Improvement in annealing-boxes
US 168408 A
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Description (OCR text may contain errors)
C. H. NINS.
AnneaIing-Box. NO 158408. -Pateniedcn 5,1875.
UNITED STATES PATENT QEEIGE.
CHARLES H. ONIONS, OF PITTSBURG, PENNSYLVANIA.
IMPROVEMENT IN ANNEALING-BOXES.
Specification forming part of Letters Patent No. 168,408, dated October 5, 1875 application filed January 13, 1875. v
To all whomt't may concern Beit known that I, CHARLEs H. ONIoNs, of Pittsburg, in the county ot Allegheny and State of Pennsylvania, have invented a new and useful Improvement in Annealing-Boxes; and I do hereby declare that the following is a full and exact description thereof, reference being had to the accompanying drawings, and to the letters ot' reference marked there- My invention relates to an improvement in the construction of the bottom of annealingboxes; and consists in constructing it ofcastiron, with a series ot' wrought-iron rings secured wit-hin the bottom in the process of molding and casting it.
To enable others skilled in the art to make and use my invention, I will proceed to describe more fully its construction and operation.
In the accompanying drawings, which form part of my specitication, Figure l isasectional view ot' my invention, taken onthe line xm ot' Fig. 2. Fig. is a transverse section of the same at line y of Fig. 1.
In the drawings, A represents the bottom ot' the annealing box. B represents the grooved runners, which rest upon balls in the annealing-oven, which are used in connection with said runners for removing the annealing-box from the furnace with ease and facility. C represents wroughtiron rings cast in the end ot' the bottom A, t'or the purpose of attaching a. chain or rod tor withdrawing the annealing-box from the furnace.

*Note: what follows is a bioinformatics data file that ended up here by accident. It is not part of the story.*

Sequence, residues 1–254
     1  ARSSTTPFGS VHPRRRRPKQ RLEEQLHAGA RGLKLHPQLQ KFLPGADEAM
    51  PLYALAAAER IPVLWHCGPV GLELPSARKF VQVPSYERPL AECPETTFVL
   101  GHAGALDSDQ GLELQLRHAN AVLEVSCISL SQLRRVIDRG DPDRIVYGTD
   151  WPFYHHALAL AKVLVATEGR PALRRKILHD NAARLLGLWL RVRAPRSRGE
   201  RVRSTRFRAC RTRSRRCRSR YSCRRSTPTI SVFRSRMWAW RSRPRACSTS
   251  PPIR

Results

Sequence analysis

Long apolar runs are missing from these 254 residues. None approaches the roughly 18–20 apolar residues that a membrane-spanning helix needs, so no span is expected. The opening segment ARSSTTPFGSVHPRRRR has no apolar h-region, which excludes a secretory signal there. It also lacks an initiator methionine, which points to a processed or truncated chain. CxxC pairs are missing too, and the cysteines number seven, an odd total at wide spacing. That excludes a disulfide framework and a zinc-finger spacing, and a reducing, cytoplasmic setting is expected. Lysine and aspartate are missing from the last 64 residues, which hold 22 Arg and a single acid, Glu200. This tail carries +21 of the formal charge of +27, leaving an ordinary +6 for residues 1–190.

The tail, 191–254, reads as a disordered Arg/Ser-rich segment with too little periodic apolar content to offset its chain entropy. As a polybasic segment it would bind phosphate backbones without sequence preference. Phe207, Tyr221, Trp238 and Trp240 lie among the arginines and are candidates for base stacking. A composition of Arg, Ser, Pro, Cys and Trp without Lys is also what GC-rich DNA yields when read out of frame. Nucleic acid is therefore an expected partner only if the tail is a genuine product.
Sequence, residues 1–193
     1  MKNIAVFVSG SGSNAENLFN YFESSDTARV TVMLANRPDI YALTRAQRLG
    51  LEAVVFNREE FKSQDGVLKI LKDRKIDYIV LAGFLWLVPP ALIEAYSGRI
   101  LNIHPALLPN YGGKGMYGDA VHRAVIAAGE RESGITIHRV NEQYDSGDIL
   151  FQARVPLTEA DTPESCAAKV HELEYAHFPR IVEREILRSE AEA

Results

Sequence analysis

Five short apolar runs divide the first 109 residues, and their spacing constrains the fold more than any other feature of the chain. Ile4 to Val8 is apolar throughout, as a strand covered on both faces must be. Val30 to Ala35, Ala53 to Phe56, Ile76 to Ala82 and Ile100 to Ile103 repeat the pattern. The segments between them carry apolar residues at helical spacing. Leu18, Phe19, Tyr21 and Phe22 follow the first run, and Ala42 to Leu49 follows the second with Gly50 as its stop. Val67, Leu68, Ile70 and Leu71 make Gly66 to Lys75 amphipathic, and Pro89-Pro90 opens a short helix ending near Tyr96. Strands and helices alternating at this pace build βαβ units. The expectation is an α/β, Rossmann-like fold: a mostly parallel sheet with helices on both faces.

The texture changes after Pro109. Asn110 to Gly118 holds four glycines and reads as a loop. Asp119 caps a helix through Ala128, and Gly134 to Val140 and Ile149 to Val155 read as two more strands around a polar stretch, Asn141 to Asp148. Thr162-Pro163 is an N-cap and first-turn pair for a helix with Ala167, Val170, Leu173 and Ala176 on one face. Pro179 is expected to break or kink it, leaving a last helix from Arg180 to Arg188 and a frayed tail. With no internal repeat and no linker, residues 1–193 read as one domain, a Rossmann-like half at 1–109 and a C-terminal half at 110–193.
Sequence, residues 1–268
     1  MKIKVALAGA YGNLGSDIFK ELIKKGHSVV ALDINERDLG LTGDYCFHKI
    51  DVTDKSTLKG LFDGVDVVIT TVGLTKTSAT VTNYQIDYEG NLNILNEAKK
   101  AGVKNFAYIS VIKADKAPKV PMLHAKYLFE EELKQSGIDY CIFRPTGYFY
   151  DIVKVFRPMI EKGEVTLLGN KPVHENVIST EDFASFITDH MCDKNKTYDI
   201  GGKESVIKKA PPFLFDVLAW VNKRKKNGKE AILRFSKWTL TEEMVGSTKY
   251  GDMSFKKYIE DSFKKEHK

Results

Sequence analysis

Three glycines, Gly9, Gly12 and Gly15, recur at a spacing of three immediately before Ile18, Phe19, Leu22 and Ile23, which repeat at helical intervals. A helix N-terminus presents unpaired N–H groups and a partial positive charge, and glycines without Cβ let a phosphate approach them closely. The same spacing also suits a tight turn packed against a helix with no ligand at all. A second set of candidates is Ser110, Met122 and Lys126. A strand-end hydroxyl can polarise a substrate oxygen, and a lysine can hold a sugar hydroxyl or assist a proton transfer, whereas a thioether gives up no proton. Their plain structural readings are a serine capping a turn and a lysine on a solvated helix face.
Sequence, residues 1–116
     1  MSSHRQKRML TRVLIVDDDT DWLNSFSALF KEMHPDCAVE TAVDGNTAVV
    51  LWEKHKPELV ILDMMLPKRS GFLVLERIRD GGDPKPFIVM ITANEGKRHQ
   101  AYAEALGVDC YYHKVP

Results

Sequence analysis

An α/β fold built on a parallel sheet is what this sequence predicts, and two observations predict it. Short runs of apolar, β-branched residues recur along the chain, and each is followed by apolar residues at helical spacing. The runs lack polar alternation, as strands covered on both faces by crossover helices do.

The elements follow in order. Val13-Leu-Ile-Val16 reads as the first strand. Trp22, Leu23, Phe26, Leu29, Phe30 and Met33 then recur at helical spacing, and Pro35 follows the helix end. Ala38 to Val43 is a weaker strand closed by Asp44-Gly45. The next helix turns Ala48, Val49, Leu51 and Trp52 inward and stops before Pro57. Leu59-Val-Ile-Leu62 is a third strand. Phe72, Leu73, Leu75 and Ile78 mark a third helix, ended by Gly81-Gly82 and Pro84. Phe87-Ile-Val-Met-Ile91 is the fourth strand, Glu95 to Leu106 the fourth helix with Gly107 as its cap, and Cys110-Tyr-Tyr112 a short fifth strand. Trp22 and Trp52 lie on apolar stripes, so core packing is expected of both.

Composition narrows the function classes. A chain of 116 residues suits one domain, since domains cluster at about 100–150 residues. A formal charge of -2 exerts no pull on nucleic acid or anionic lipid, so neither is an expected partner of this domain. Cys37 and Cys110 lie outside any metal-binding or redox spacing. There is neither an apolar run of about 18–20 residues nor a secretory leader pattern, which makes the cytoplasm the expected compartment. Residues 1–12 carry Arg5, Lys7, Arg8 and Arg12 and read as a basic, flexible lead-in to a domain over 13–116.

The bottom A is constructed in all respects in the usual manner and ot' the ordinary material, (cast-imm) excepting that longitudinally in the bottom, as represented in the accompanying drawings, are two or more wrought-iron rings, which are surrounded by the metal ot' the bottom in the process of casting, which is accomplished by anchoring the rings in the mold, which operation ot' anchoring and casting is well understood by the skillful molder.
The advantage of casting rings in the bottom of the annealing-box, as herein described, consists in imparting strength to the bottom, and compensating for the expansion and contraction ot' it in the heating and cooling of it.
Another advantage derived from 4the use of rings cast in the bottom of the annealingbox, in contradistinction to the use of rods or bars, consists in affording greater facility in breaking the bottom into small pieces for the purpose ot remelting in case the bottomA should crack (which is ot'ten the case) or otherwise be rendered useless.
I am aware that it is an old and common practice to cast rods or bars of iron in castiron articles in the process of molding them, for the purpose ot' imparting strength to the casting. Therefore, I do not claim, broadly, combining wrought-iron with aV casting in the process ot' molding and casting.
I am aware that wrought-iron rods have been placed longitudinally in annealingboxes; but the additional strength thereby obtained is wholly in the direction of the length ot' the box, no addition beingI made to the lateral strength. By the use ot' rings I obtain both lateral and longitudinal strength.
Further, the rods heretofore used are embedded in projecting ribs on the bottom and sides ot' the box, while my r-ings are embedded in the bottom proper. In thet'ormer case the thickness ot' the parts is materially increased, and in consequence, when it is attempted to break up the box for recasting, considerable difficulty is metwith; whereas the rings lessen the thickness of the bottom, both above and below them, so that all the body ol' cast-iron, which is directly above and directly belowthe rings, and throughout their extent, is much thinner than other parts ot' t-he bottom ot' the box, and the bottom breaks readily at points directly above and below the rings under very slight blows.
Having thus described the nature, const-ruction, and operation of `my improvement, what I claim as ot' my invention is- In annealing-boxes, the combination of the wrought-iron rings D D D with the cast bottom A, whereby the longitudinal and lateral strength of the bottom is materiallyincreased and its vertical strength diminished, substantially as and for the purposes hereinbefore set forth. A
GHAS. H. ONIONS. Witnesses:
A. C. JOHNSTON, JN0. D. PATTEN.